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Gender Composition and Wages: Why is Canada different from the United States?

  • Michael Baker
  • Nicole M. Fortin

The correlation of occupational gender composition and wages is the basis of pay equity/comparable worth legislation. A number of previous studies have examined this correlation in US data, identifying some of the determinants of low wages in ``female jobs'', as well as important limitations of public policy in this area. There is little evidence, however, from other jurisdictions. This omission is particularly disturbing in the case of Canada, which now has some of the most extensive pay equity legislation in the world. In this paper, we provide a comprehensive picture, circa the late 1980's, of the occupational gender segregation in Canada and its consequences for wages. We also draw explicit comparisons of our findings to evidence for the United States. We find that the link between female wages and gender composition is much stronger in the United States than in Canada, where it is generally small and not statistically significant. The relatively more advantageous position of women in female jobs in Canada is found to be linked to higher unionization rates and the industry-wage effects of ``public goods'' sectors.

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Paper provided by University of Toronto, Department of Economics in its series Working Papers with number baker-98-02.

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Length: 53 pages
Date of creation: 11 Sep 1998
Date of revision:
Handle: RePEc:tor:tecipa:baker-98-02
Contact details of provider: Postal: 150 St. George Street, Toronto, Ontario
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  1. Reilly, K.T. & Wirjanto, T.S., 1998. "Does More Mean Less? The Male/Female Wage Gap and the Proportion of Female at the Establishment Level," Papers 98-04, Centre for Labour Market and Social Research, Danmark-.
  2. Macpherson, David A & Hirsch, Barry T, 1995. "Wages and Gender Composition: Why Do Women's Jobs Pay Less?," Journal of Labor Economics, University of Chicago Press, vol. 13(3), pages 426-71, July.
  3. Kenneth R Troske & William J Carrington, 1992. "Gender Segregation Small Firms," Working Papers 92-13, Center for Economic Studies, U.S. Census Bureau, revised May 1993.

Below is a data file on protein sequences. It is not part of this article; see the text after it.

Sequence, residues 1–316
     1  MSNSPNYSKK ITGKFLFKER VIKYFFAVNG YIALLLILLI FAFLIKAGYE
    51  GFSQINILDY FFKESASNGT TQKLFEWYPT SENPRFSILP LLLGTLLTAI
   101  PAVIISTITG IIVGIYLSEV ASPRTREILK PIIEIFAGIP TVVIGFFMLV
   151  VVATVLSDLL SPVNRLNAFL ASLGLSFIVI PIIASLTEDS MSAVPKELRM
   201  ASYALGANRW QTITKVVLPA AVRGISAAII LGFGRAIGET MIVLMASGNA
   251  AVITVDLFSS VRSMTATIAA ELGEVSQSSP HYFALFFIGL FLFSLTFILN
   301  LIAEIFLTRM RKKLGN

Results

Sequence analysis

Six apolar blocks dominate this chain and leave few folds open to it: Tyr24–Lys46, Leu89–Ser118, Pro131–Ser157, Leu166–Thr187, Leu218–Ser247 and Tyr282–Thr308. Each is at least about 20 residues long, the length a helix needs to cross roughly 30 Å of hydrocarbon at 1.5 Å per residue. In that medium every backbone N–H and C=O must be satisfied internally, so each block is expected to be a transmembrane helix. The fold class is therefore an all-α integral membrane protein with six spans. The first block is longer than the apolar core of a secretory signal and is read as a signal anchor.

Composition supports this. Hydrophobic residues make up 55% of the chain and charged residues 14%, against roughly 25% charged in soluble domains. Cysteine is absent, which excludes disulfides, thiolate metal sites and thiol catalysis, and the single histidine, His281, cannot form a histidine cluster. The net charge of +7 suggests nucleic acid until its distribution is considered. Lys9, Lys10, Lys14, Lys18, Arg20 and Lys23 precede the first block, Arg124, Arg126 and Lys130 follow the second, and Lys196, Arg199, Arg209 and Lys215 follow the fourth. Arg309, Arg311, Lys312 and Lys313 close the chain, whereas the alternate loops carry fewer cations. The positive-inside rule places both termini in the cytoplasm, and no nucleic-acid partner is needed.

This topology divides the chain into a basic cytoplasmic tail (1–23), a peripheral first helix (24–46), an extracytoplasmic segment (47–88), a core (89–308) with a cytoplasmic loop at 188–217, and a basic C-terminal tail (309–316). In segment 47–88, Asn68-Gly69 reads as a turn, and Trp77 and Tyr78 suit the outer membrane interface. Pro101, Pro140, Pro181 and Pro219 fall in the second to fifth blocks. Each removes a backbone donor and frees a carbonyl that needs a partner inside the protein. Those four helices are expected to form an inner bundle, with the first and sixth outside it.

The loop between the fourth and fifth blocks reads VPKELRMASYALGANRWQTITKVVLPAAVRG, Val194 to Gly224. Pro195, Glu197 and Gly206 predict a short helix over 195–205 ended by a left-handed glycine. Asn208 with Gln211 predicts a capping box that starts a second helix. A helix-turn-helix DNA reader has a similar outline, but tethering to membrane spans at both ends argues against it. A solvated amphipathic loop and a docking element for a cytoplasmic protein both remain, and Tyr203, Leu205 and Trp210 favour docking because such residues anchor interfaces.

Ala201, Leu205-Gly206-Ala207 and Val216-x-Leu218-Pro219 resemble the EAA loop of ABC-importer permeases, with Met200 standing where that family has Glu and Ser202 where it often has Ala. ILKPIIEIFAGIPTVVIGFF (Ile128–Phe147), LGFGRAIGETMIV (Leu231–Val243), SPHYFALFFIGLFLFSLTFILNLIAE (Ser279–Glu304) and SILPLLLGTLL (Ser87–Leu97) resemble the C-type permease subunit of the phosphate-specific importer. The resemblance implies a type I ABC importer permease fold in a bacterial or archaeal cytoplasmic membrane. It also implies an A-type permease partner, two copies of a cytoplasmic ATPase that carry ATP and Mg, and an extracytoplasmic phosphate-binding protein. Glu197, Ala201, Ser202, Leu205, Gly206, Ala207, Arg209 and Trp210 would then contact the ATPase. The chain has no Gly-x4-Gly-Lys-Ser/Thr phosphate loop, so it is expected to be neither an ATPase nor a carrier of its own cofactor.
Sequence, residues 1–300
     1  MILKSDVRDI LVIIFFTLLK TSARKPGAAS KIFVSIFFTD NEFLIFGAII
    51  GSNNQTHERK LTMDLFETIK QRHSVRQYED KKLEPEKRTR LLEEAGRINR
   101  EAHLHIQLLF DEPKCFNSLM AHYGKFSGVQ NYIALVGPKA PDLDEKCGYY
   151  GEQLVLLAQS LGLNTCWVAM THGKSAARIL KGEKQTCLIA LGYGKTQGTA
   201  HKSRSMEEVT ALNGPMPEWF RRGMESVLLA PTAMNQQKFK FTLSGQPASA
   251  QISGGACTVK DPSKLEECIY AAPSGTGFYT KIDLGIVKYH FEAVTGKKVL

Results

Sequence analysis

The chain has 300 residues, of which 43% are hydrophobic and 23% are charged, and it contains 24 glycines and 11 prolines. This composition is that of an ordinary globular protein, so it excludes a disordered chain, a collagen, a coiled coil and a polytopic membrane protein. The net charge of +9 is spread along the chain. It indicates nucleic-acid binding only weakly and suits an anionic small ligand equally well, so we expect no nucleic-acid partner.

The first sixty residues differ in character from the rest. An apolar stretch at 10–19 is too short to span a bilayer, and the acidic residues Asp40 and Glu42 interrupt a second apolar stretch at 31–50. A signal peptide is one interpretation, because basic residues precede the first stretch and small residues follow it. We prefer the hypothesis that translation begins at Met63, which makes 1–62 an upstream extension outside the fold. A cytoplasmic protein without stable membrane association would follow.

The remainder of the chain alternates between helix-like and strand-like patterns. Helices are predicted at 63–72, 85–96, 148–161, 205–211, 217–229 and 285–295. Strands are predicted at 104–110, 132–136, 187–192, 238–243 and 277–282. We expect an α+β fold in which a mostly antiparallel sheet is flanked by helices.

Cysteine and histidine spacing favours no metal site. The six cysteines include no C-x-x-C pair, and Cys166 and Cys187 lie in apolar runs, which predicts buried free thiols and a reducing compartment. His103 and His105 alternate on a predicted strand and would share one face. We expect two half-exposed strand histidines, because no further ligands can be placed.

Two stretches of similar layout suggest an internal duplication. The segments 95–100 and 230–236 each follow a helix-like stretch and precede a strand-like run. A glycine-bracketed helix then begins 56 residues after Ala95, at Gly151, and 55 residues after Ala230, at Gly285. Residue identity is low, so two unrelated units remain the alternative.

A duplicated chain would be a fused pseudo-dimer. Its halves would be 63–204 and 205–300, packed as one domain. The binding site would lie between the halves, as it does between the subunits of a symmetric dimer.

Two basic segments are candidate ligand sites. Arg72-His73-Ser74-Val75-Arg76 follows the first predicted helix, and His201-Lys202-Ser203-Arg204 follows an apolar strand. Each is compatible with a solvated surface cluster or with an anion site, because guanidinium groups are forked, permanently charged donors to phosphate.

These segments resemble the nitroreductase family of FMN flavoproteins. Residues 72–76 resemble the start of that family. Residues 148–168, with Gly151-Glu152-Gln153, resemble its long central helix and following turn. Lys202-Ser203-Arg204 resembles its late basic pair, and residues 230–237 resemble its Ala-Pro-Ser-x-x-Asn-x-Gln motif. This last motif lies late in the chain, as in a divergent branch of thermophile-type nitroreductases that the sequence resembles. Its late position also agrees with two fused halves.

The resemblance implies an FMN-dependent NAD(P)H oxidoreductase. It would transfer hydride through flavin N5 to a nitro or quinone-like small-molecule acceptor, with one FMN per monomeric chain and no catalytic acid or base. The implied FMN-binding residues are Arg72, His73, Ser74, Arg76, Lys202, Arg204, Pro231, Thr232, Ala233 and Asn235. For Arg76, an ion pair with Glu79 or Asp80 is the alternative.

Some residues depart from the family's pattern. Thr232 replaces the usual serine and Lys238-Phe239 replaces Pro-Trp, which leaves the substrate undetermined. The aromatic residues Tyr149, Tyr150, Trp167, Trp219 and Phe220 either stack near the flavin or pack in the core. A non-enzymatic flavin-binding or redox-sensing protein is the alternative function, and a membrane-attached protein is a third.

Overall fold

4. Juhn, Chinhui & Murphy, Kevin M & Pierce, Brooks, 1993. "Wage Inequality and the Rise in Returns to Skill," Journal of Political Economy, University of Chicago Press, vol. 101(3), pages 410-42, June.
  5. John DiNardo & Nicole M. Fortin & Thomas Lemieux, 1995. "Labor Market Institutions and the Distribution of Wages, 1973-1992: A Semiparametric Approach," NBER Working Papers 5093, National Bureau of Economic Research, Inc.
  6. William J. Carrington & Kenneth R. Troske, 1995. "Gender Segregation in Small Firms," Journal of Human Resources, University of Wisconsin Press, vol. 30(3), pages 503-533.
  7. Mark R. Killingsworth, 1990. "The Economics of Comparable Worth," Books from Upjohn Press, W.E. Upjohn Institute for Employment Research, number ecw, April.
  8. Denise J. Doiron & W. Craig Riddell, 1994. "The Impact of Unionization on Male-Female Earnings Differences in Canada," Journal of Human Resources, University of Wisconsin Press, vol. 29(2), pages 504-534.
  9. Johnson, George & Solon, Gary, 1986. "Estimates of the Direct Effects of Comparable Worth Policy," American Economic Review, American Economic Association, vol. 76(5), pages 1117-25, December.
  10. Riddell, W.C., 1993. "Unionization in Canada and the United States: A Tale of Two Countries," Papers 1993-1, Queen's at Kingston - Sch. of Indus. Relat. Papers in Industrial Relations.
  11. Moulton, Brent R., 1986. "Random group effects and the precision of regression estimates," Journal of Econometrics, Elsevier, vol. 32(3), pages 385-397, August.
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